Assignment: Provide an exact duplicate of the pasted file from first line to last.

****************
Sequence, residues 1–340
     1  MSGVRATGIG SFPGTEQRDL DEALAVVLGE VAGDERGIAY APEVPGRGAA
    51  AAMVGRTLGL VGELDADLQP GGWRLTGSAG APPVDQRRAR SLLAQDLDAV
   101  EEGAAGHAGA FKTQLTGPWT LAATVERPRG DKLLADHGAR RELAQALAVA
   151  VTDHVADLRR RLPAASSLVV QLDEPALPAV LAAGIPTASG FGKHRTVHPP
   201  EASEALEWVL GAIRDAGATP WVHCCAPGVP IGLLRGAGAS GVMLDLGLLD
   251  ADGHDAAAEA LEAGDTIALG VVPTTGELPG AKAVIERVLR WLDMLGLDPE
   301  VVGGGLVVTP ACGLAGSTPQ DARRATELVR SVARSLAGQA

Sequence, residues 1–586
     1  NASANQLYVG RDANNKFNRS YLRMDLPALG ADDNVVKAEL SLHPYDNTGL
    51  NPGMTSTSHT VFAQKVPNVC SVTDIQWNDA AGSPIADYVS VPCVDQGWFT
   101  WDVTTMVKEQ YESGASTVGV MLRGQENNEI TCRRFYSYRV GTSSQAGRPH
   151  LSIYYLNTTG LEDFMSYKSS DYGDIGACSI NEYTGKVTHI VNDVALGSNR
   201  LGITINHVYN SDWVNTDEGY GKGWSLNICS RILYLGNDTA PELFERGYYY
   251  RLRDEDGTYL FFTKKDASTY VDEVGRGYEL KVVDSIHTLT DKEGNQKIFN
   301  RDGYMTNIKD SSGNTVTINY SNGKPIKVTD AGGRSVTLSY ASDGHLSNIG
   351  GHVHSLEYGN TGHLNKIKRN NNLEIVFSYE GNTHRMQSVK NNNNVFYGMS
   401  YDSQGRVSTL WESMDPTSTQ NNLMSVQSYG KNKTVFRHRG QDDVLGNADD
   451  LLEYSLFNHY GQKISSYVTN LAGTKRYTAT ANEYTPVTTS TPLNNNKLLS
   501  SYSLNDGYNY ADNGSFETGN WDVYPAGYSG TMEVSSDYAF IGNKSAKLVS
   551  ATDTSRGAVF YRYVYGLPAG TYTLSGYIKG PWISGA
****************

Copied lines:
Sequence, residues 1–340
     1  MSGVRATGIG SFPGTEQRDL DEALAVVLGE VAGDERGIAY APEVPGRGAA
    51  AAMVGRTLGL VGELDADLQP GGWRLTGSAG APPVDQRRAR SLLAQDLDAV
   101  EEGAAGHAGA FKTQLTGPWT LAATVERPRG DKLLADHGAR RELAQALAVA
   151  VTDHVADLRR RLPAASSLVV QLDEPALPAV LAAGIPTASG FGKHRTVHPP
   201  EASEALEWVL GAIRDAGATP WVHCCAPGVP IGLLRGAGAS GVMLDLGLLD
   251  ADGHDAAAEA LEAGDTIALG VVPTTGELPG AKAVIERVLR WLDMLGLDPE
   301  VVGGGLVVTP ACGLAGSTPQ DARRATELVR SVARSLAGQA

Sequence, residues 1–586
     1  NASANQLYVG RDANNKFNRS YLRMDLPALG ADDNVVKAEL SLHPYDNTGL
    51  NPGMTSTSHT VFAQKVPNVC SVTDIQWNDA AGSPIADYVS VPCVDQGWFT
   101  WDVTTMVKEQ YESGASTVGV MLRGQENNEI TCRRFYSYRV GTSSQAGRPH
   151  LSIYYLNTTG LEDFMSYKSS DYGDIGACSI NEYTGKVTHI VNDVALGSNR
   201  LGITINHVYN SDWVNTDEGY GKGWSLNICS RILYLGNDTA PELFERGYYY
   251  RLRDEDGTYL FFTKKDASTY VDEVGRGYEL KVVDSIHTLT DKEGNQKIFN
   301  RDGYMTNIKD SSGNTVTINY SNGKPIKVTD AGGRSVTLSY ASDGHLSNIG
   351  GHVHSLEYGN TGHLNKIKRN NNLEIVFSYE GNTHRMQSVK NNNNVFYGMS
   401  YDSQGRVSTL WESMDPTSTQ NNLMSVQSYG KNKTVFRHRG QDDVLGNADD
   451  LLEYSLFNHY GQKISSYVTN LAGTKRYTAT ANEYTPVTTS TPLNNNKLLS
   501  SYSLNDGYNY ADNGSFETGN WDVYPAGYSG TMEVSSDYAF IGNKSAKLVS
   551  ATDTSRGAVF YRYVYGLPAG TYTLSGYIKG PWISGA